Shaquille O'Neal Graduates From College

Shaquille O’Neal picked up a lot of awards in his years at LSU — All American, National Player of the Year, World Amateur Athlete of the Year, Southeastern Conference Athlete of the Year.

Today, O’Neal waited to be handed another one: a bachelor of arts degree.

“This is a day I always waited for since 1989,” O’Neal said. “It took a while, six or seven summers, but it was worth it.”

School officials had asked O’Neal, who towered above his classmates in his black robe and mortar board, to sit on the stage during this morning’s general ceremonial event. He did, but said he would sit with his fellow students during an afternoon ceremony when he will be handed his bachelor’s degree.

“He probably worked harder and longer for this than for any of those other awards,” said Mike Mallet, O’Neal’s academic adviser at LSU. “You can imagine what he had to do to complete all the requirements while playing in the NBA.”

Keeping His Promise

O’Neal is playing hooky from the Los Angeles Lakers to attend the graduation ceremonies at LSU. He had the team’s blessing to miss tonight’s game against the Vancouver Grizzlies so he could join the rest of the senior class and accept his diploma.

“Here he is, almost 30, and he’s graduating from college,” Lakers coach Phil Jackson said. “He’s persevered to do it. We wish him well in his graduation, it’s a wonderful thing to do.”

O’Neal, 28, left LSU in 1992 after three years to turn pro. When he walked out of school he promised both his parents and his college coach, Dale Brown, that he would get his degree.

“I promised my parents I’d do it, I promised myself I’d do it,” O’Neal said of earning his degree. “It took eight years, it should have taken six or seven. I had some other engagements.”

Of the diploma, O’Neal said: “It puts a stamp on me as an educated man.”

Studying Long Distance

O’Neal attended some classes during the summer, Mallet said. For the most part, however, he earned credit through LSU’s independent studies program.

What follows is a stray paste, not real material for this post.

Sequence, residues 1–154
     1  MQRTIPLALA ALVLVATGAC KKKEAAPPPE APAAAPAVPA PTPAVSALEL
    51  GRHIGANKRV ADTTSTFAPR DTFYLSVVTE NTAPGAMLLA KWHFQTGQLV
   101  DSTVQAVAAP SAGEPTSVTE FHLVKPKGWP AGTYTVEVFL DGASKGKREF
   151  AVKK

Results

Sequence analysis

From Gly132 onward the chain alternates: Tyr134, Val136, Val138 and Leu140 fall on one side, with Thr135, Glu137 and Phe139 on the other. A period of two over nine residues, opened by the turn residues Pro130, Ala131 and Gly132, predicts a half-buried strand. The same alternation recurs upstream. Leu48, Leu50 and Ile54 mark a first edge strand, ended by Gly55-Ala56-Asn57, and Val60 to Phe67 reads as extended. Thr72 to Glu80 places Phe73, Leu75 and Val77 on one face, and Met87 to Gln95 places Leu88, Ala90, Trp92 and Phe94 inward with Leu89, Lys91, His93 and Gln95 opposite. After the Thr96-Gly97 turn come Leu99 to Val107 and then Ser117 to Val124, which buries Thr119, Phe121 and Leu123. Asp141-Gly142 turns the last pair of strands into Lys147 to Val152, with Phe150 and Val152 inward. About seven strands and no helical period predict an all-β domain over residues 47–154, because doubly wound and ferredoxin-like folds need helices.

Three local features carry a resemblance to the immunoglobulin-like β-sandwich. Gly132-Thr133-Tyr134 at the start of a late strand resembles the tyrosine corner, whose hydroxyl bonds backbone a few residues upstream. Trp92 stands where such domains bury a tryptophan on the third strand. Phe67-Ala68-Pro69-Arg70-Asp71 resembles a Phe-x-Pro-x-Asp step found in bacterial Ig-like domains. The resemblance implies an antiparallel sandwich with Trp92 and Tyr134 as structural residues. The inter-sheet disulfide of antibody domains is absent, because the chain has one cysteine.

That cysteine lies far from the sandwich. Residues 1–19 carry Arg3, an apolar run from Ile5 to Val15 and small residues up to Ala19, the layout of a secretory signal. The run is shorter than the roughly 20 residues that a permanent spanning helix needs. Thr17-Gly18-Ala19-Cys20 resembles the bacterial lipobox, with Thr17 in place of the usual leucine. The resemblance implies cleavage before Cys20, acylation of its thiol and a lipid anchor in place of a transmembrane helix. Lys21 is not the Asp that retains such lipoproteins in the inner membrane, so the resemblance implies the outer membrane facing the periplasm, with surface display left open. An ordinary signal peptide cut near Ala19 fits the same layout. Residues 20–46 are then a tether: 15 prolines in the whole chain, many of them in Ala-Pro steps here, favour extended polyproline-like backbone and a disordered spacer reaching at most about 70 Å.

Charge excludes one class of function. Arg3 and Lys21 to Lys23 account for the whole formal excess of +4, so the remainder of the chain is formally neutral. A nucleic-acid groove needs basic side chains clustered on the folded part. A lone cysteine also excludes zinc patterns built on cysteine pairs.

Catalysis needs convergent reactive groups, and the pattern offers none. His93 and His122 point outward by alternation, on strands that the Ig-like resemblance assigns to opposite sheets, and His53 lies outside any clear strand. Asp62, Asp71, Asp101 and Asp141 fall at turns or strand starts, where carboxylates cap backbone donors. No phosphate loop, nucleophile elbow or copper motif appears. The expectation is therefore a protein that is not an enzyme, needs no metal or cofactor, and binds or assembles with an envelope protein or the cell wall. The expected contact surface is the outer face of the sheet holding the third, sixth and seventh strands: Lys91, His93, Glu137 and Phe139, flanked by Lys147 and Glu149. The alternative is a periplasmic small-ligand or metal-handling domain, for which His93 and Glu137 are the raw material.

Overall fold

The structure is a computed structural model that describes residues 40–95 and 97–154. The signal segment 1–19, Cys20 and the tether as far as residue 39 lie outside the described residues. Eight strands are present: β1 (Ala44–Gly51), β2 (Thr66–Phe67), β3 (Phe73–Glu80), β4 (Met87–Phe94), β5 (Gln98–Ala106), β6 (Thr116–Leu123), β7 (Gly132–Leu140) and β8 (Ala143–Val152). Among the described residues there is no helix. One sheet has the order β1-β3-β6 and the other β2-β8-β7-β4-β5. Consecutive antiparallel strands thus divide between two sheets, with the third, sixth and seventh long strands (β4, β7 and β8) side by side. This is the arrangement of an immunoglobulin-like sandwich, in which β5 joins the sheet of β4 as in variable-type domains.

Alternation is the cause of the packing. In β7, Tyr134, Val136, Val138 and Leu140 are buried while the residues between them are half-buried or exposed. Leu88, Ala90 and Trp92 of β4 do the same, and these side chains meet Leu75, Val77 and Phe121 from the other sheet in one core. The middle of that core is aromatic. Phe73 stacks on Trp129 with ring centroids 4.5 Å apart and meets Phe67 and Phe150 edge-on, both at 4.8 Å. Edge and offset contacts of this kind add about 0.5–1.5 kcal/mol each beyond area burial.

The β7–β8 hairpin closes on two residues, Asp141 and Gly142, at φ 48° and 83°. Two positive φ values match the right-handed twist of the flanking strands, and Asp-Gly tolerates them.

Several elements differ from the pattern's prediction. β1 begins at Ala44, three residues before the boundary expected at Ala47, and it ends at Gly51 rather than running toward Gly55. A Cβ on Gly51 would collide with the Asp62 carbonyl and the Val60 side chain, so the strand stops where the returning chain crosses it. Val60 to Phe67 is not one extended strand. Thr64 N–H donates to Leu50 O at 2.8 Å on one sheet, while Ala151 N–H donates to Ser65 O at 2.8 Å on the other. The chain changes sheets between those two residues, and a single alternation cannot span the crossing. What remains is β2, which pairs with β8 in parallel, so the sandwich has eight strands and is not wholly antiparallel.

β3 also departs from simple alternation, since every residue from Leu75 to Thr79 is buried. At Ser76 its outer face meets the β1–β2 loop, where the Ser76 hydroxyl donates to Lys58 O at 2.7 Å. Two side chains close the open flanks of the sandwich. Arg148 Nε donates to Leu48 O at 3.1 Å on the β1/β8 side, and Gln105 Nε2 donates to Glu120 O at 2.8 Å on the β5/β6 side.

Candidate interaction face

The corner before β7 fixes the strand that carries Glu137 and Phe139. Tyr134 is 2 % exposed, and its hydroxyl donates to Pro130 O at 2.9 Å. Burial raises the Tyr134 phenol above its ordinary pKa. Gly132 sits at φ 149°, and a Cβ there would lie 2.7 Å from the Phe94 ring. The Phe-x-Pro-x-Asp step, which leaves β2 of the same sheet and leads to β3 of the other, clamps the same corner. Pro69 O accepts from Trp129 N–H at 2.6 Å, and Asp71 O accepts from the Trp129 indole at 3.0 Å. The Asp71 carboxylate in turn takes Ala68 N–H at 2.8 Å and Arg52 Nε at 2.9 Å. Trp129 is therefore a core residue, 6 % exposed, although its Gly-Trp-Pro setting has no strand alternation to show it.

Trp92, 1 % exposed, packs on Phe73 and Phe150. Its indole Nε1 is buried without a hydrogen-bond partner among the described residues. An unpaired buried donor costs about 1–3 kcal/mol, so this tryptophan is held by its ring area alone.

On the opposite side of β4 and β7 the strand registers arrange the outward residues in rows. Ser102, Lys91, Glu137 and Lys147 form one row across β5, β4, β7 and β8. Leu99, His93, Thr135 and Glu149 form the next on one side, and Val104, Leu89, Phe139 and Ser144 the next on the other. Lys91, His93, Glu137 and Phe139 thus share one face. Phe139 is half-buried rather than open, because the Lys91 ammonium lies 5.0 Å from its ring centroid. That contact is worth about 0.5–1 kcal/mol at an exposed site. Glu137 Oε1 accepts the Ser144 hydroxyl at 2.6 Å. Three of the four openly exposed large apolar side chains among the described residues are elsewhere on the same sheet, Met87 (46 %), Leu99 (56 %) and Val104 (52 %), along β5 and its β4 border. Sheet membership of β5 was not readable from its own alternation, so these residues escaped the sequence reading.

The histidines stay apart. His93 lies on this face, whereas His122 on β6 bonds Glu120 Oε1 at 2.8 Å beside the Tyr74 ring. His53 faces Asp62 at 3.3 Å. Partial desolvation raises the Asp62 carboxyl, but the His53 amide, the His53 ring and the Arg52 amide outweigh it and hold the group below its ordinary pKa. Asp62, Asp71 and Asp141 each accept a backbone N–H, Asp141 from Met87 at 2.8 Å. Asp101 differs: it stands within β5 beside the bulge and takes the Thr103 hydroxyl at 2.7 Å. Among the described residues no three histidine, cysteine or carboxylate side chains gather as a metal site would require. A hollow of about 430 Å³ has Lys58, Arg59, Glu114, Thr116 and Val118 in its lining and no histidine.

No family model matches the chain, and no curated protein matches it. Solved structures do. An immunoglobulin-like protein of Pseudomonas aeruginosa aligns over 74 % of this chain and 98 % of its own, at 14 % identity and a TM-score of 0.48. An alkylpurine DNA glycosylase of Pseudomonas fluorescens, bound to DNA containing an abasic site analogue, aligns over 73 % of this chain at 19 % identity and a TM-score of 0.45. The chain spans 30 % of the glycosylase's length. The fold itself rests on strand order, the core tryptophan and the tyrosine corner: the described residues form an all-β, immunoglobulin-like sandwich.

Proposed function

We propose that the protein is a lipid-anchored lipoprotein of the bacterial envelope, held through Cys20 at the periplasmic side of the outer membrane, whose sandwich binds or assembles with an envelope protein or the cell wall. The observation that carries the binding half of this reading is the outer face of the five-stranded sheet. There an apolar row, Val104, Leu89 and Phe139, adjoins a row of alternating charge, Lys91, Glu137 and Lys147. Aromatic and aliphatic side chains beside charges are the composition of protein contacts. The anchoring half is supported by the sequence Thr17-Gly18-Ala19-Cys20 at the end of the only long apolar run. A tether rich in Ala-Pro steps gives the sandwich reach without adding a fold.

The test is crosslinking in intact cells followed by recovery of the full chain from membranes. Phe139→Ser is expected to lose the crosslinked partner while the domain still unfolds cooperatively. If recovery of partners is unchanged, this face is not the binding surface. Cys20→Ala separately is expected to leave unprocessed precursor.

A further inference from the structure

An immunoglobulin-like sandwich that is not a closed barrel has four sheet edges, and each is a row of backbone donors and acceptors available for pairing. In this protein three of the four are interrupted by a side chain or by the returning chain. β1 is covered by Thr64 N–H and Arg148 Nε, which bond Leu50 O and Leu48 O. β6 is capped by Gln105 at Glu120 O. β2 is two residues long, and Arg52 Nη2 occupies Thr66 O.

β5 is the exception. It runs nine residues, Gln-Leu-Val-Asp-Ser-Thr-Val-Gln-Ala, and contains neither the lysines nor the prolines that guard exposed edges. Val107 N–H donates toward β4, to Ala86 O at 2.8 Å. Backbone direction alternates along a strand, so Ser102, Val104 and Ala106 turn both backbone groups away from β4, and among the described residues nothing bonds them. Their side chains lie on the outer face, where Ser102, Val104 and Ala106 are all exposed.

“Thank God for the Internet and Federal Express,” Mallet said. “He got the material one way or another and got it back one way or another.”

When O’Neal got down to the final hours needed for the degree he put on a “full court press,” Mallet said.

O’Neal earned a bachelor’s degree in general studies with a minor in political science.

“Not that he’ll ever need it, but it’s a degree that could put him in a lot of good fields,” Mallet said.

Earning $19.286 million this season and under contract through the 2005-2006 season for more than $152 million, O’Neal’s getting a degree makes him a great role model, Mallet said.

“This is a guy who could buy a degree, it’s not like he’s going to be looking for a job,” Mallet said. “But it shows kids that there is more to life than fame and fortune.”

‘Completing His College Memories’

Today’s ceremony was held in the Maravich Assembly Center at LSU — the home court of the basketball team.

In three years at LSU, O’Neal set school, SEC and national records, and was named the Associated Press Player of the Year in 1991. LSU made it to the NCAA tournament all three years he played, but lost in the second round twice and the first round the other year.

“I think he really enjoyed himself when he was here,” Brown said. “I think this is just completing his college memories.”

When asked about his grade point average, O’Neal jokingly said he was the class valedictorian with a 4.0 GPA, but declined to give his actual standing in the class.

He was to receive his actual degree at an afternoon ceremony.

O’Neal’s jersey No. 33 will be retired at halftime of the LSU-New Orleans game Saturday night. He joins Bob Pettit and Pete Maravich as the only LSU basketball players to have their numbers retired.

O’Neal was to rejoin the Lakers in time for Sunday’s game in Toronto.